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21 Sep

Image-guided Mechatronic Delivery of Retinal Stem Cells: Tool Design and Navigation –System Development

Current Projects

Potentially blinding retinal diseases affect millions of people worldwide. Current treatments include surgery and drug delivery to the posterior retina, with gene therapies and stem-cell delivery showing increasing promise for restoring vision. Age-Related Macular Degeneration (AMD), for example, may be rendered treatable through therapies with stem cells that may restore the functionality of the retinal pigment epithelium (RPE). This is a cell mono-layer located between the photoreceptor and choroidal layer. The RPE is only a few micrometers thick. Precision micromanipulation requirements and lack of engineering solutions limit the potential impact of RPE sheet transplantation at present.

The objective of this project is to address this lack of instrumentation and enhance the precision and success of subretinal stem-cell derived RPE delivery using optical coherence tomography (OCT)-based image-guidance and novel force-sensing microsurgical instruments. The project revolves around three complementary pillars:

  1. Design and development of an ungrounded hand-held mechatronics tool that can deliver a rolled millimetre-long stem cell sheet with force-scaling and motion-scaling capabilities. To develop the delivery tool, technologies inspired from piezoelectrics, electro-active polymers, or concentric tubes will be explored. Additionally, new strategies inspired by recent reports on injectable electronics will also be considered for a novel and flexible delivery mechanism.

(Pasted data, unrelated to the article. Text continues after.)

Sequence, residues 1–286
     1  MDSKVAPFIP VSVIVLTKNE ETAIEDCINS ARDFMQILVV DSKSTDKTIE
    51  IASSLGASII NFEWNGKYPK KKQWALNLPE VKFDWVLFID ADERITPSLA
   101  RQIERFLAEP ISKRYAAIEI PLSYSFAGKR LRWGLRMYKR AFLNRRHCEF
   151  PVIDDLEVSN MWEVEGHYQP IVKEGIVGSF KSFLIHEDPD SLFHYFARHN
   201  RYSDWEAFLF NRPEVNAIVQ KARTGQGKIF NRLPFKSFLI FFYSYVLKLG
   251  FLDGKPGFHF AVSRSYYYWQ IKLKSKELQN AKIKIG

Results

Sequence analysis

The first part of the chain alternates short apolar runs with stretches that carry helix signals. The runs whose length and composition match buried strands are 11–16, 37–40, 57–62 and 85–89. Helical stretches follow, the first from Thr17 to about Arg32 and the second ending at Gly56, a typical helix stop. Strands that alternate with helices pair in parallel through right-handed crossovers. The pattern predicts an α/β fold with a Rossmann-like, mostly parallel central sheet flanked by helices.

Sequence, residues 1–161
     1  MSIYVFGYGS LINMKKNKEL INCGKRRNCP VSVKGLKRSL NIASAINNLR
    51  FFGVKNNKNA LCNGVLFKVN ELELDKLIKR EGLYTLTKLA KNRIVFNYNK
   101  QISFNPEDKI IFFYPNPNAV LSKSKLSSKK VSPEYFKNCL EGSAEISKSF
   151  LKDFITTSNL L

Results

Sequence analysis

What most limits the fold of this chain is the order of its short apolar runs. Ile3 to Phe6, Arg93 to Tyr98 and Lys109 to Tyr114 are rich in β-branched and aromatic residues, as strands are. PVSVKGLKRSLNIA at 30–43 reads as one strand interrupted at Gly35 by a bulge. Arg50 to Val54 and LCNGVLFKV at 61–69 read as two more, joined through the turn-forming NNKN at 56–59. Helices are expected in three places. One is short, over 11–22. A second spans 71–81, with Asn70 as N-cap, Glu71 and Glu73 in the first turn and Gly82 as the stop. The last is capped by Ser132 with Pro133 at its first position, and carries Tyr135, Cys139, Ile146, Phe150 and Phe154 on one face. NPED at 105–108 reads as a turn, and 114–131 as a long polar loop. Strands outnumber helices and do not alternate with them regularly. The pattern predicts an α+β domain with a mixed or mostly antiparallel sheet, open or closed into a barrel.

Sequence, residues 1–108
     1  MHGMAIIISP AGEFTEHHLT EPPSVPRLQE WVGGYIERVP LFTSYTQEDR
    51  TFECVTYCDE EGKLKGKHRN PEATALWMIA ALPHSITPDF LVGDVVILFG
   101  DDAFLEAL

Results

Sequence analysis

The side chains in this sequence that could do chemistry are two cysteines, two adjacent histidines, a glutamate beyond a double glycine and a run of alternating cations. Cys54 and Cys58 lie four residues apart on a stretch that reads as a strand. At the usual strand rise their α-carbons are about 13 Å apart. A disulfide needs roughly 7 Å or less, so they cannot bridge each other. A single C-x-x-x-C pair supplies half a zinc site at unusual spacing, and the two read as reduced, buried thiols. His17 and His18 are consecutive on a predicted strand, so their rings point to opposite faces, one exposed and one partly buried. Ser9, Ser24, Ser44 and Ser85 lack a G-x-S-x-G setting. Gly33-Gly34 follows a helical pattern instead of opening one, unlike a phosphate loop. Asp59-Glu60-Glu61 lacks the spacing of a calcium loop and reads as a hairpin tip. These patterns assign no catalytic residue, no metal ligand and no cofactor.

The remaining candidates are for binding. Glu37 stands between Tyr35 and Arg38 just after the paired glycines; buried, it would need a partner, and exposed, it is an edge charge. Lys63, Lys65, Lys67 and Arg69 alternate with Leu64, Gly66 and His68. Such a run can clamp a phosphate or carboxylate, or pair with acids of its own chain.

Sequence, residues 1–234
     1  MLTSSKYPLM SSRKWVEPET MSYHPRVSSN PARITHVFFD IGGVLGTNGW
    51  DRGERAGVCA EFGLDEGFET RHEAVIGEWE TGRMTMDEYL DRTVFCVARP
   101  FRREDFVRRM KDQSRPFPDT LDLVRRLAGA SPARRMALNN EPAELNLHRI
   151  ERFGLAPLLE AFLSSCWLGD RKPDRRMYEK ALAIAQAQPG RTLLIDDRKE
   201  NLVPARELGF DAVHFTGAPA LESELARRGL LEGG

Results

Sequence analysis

2. Design and development of a force-sensitive sleeve by integrating high-resolution 3D-printed pressure sensors on PDMS films. The force-sensitive sleeve will be integrated on the delivery tool to report tool-tissue interaction forces and therapeutic-delivery volumes at the microscale.
  3. To devise ways to exploit the continuous force signals from delivery tool to enhance the real time clinical ophthalmoscopic field of view.

The state-of-the-art in retinal ophthalmic surgery involves using micrometre-diameter tools to perform delicate diabetic and scar related delaminations or energy delivery to leaky vessels on the surface of the retina. Delivery of novel therapeutics, such as stem cells or genes, requires access to specific subretinal locations with precision on the order of micrometers. Such precision is at the limits of human capabilities, and, hence, these interventions would benefit both from mechatronics and image-guidance. A co-manipulated robotic system operating under OCT guidance would facilitate the delivery of therapeutics exactly at the desired locations. Further, with force and pressure sensing capabilities, this system would be able to help regulate tool/tissue interaction to safe levels, and help control the volume of therapeutics delivered.

The proposed integrated system – with clear emphasis on ophthalmological surgical tools – will find extensive applications in treatment of diseases such as Age-Related Macular Degeneration, which affect several millions of people worldwide. The project is a clear fit to the CDT clinical research theme of Ophthalmology.